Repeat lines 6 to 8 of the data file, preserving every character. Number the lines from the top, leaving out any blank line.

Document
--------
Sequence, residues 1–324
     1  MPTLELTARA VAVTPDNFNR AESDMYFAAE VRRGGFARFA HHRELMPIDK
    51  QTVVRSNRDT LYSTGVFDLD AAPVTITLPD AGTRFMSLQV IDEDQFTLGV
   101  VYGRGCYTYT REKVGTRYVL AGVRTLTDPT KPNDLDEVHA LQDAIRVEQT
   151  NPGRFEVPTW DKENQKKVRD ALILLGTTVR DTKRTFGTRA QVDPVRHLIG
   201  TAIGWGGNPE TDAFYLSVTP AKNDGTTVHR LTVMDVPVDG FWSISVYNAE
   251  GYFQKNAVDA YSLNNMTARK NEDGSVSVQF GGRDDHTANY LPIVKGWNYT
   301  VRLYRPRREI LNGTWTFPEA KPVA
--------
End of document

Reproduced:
   201  TAIGWGGNPE TDAFYLSVTP AKNDGTTVHR LTVMDVPVDG FWSISVYNAE
   251  GYFQKNAVDA YSLNNMTARK NEDGSVSVQF GGRDDHTANY LPIVKGWNYT
   301  VRLYRPRREI LNGTWTFPEA KPVA